Imagine this: You live somewhere, anywhere, in the USA and on Saturday morning you and your partner set off to do some errands.
First, you stop at an Exxon station and gas up your car. Once again, your partner complains about the high cost of gas, and the outrageous profits of oil companies. But, you explain that California’s public employees, among and millions of other working Americans, in every state, appreciate your business. The California Public Employees Retirement System (CalPERS) owns millions of ExxonMobil shares, and Exxon’s corporate profits help pay for their pensions.
Next. you’re off to Wal-Mart to pick up a couple of things for the garden and house. As you swipe your credit card to pay, California’s public employees thank you again. Their retirement fund owns millions of Wal-Mart shares, and each time the company earns a profit on a sale to a customer, a portion of that flows to them.
Of course, the piece of the profit they get from your $20-dollar purchase would be minuscule. But, California public servants are getting an tiny bit from every one of the billions of purchases made at Wal-Mart, and they own millions of shares, so they end up with a sizable injection of Wal-Mart profits into their pension fund.
Next, you visit the travel agent, to finalize your vacation plans. After booking flights on Alaska Airlines, California’s public employees thank you. They own shares in Alaska Air Group, which operates Alaska Airlines, and share in the corporate profits.
By now, you’re feeling hungry; your partner suggests burgers at McDonald’s. Would you be surprised to learn that California public employees own McDonald’s shares as well, and share in the profits from McDonald’s? Look in a recent annual report from CalPERS and you’ll see it owned shares in exactly 4,656 American companies on June 30, 2007. The fund also holds millions of shares in companies in other countries, bonds (basically loans to corporations and governments), and other investments.
Here’s another point that recently became one of public interest. As of June 30th, 2007, our public service friends in California owned almost a billion dollars worth of shares in American International Group, or AIG, the company that’s in the news so much these days. If you’ve wondered for whom those supposedly greedy people at AIG were making big money, now you know – California public employees, along with millions and millions of other government and private sector members of pension plans and mutual funds. Assuming they still own a lot of AIG shares, all these working Californians have to hope the AIG survives – if not, it will mean a hit to their pension funds.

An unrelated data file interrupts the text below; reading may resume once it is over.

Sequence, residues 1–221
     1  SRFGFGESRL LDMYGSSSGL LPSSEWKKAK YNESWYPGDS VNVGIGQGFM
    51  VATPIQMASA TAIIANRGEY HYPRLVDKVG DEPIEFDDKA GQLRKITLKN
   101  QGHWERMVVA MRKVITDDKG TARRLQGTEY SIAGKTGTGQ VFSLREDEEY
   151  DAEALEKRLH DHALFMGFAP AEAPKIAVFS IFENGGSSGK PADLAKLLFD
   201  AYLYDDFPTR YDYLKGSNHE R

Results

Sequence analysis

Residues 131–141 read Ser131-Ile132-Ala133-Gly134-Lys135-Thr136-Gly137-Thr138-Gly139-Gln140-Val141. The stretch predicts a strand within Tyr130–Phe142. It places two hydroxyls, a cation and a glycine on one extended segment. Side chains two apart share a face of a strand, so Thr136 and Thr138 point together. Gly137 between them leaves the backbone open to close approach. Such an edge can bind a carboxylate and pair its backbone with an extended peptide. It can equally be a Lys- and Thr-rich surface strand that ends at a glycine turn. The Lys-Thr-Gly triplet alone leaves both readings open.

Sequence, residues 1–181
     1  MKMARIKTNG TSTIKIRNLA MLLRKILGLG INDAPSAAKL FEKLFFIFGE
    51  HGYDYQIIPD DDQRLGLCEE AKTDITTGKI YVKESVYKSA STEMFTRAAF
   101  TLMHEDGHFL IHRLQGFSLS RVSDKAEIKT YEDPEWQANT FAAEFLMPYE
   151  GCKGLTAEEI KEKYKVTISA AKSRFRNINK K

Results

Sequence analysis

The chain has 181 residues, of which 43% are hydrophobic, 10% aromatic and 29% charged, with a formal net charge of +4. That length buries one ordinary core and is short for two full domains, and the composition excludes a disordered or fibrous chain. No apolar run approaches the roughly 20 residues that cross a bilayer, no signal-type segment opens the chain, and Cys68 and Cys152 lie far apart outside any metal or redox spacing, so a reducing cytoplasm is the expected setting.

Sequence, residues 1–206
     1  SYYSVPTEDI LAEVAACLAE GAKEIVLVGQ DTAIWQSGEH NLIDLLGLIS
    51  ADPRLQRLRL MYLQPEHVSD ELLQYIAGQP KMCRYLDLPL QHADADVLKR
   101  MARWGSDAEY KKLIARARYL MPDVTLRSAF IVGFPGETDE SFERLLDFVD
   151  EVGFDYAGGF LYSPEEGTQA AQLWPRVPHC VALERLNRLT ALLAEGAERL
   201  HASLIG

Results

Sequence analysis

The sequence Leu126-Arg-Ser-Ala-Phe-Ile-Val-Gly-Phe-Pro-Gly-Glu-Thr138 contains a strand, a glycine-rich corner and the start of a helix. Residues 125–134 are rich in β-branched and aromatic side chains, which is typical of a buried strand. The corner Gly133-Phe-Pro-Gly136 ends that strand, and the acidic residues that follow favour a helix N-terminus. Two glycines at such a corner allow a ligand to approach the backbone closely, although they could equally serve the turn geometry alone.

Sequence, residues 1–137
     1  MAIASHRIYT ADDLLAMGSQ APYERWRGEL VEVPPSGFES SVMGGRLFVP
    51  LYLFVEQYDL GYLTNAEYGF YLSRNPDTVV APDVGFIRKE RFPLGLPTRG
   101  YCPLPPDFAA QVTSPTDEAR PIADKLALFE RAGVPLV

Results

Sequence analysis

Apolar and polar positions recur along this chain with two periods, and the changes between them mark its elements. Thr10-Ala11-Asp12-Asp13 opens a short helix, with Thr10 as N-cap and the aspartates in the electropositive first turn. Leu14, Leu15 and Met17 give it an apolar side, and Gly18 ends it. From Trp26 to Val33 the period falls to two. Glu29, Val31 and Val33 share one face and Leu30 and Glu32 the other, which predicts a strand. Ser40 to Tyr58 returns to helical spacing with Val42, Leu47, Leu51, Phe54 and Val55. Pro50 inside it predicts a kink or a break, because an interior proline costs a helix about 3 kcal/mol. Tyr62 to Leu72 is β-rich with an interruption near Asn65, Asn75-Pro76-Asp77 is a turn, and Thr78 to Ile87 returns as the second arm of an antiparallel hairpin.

Now, you may not work for the State of California, you may not even live there. But, you’re likely in the same boat, for better or for worse. Whether you live in the U.S.A., Australia, Chile, or a hundred other countries around the globe, your non-government retirement income depends in large part on corporate profits.
If you live in Canada, both your government pension and your non-government retirement income may be affected by corporate profits. A few years ago, the government agency that manages the government pension plan began investing in corporations to help fund the Canada Pension Plan and Old Age Security. So essentially all Canadians now depend, to a greater or lesser extent, on corporate profits for retirement money.
Maybe you don’t belong to a pension plan, maybe you have to invest in mutual funds. Well, you’re in the same boat. Regardless of country, your retirement income depends on corporate profits, and for two reasons. First, companies that make a profit can pay dividends to the owners, including those of us who contribute to pension funds and mutual funds. Second, shares in profitable companies may be sold for more than they cost, allowing pension funds and mutual funds to sell those shares for a capital gain (a capital gain is the difference between the price at which you buy a stock, and the higher price at which you sell it – if you sell it at a lower price, then you have a capital loss).
If you’re trying to make sense of modern, middle-class capitalism, start by recognizing that most big corporations belong to working people, through their pension funds and mutual funds. Forget the old class warfare slogans, and the left wing bumper sticker logic. We workers are also owners in the world of modern capitalism, and addicted to corporate profits for much of our retirement incomes.